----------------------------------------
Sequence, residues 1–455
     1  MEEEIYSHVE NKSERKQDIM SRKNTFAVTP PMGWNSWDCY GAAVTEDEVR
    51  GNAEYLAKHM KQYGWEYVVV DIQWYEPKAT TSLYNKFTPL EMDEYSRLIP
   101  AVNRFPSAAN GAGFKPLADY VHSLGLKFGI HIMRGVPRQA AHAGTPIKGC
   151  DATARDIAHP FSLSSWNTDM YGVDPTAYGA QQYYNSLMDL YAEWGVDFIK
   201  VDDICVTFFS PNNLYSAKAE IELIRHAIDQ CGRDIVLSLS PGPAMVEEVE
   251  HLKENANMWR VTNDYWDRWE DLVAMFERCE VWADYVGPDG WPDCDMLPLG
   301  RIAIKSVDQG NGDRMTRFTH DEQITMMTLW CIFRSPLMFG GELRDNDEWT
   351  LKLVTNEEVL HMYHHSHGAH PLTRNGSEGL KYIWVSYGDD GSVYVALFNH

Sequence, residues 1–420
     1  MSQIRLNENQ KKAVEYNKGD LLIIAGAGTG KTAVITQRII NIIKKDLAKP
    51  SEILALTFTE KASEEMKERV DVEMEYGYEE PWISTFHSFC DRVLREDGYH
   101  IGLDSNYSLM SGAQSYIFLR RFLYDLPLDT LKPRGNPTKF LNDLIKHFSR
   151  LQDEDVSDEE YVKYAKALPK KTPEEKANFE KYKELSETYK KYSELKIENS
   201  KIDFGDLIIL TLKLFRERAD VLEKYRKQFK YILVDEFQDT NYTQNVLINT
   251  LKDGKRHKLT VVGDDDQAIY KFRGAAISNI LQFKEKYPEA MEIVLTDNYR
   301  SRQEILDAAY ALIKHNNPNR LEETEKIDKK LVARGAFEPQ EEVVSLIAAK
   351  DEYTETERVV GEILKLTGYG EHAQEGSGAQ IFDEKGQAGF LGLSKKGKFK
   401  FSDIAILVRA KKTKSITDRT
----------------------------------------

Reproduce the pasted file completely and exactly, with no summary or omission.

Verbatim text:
Sequence, residues 1–455
     1  MEEEIYSHVE NKSERKQDIM SRKNTFAVTP PMGWNSWDCY GAAVTEDEVR
    51  GNAEYLAKHM KQYGWEYVVV DIQWYEPKAT TSLYNKFTPL EMDEYSRLIP
   101  AVNRFPSAAN GAGFKPLADY VHSLGLKFGI HIMRGVPRQA AHAGTPIKGC
   151  DATARDIAHP FSLSSWNTDM YGVDPTAYGA QQYYNSLMDL YAEWGVDFIK
   201  VDDICVTFFS PNNLYSAKAE IELIRHAIDQ CGRDIVLSLS PGPAMVEEVE
   251  HLKENANMWR VTNDYWDRWE DLVAMFERCE VWADYVGPDG WPDCDMLPLG
   301  RIAIKSVDQG NGDRMTRFTH DEQITMMTLW CIFRSPLMFG GELRDNDEWT
   351  LKLVTNEEVL HMYHHSHGAH PLTRNGSEGL KYIWVSYGDD GSVYVALFNH

Sequence, residues 1–420
     1  MSQIRLNENQ KKAVEYNKGD LLIIAGAGTG KTAVITQRII NIIKKDLAKP
    51  SEILALTFTE KASEEMKERV DVEMEYGYEE PWISTFHSFC DRVLREDGYH
   101  IGLDSNYSLM SGAQSYIFLR RFLYDLPLDT LKPRGNPTKF LNDLIKHFSR
   151  LQDEDVSDEE YVKYAKALPK KTPEEKANFE KYKELSETYK KYSELKIENS
   201  KIDFGDLIIL TLKLFRERAD VLEKYRKQFK YILVDEFQDT NYTQNVLINT
   251  LKDGKRHKLT VVGDDDQAIY KFRGAAISNI LQFKEKYPEA MEIVLTDNYR
   301  SRQEILDAAY ALIKHNNPNR LEETEKIDKK LVARGAFEPQ EEVVSLIAAK
   351  DEYTETERVV GEILKLTGYG EHAQEGSGAQ IFDEKGQAGF LGLSKKGKFK
   401  FSDIAILVRA KKTKSITDRT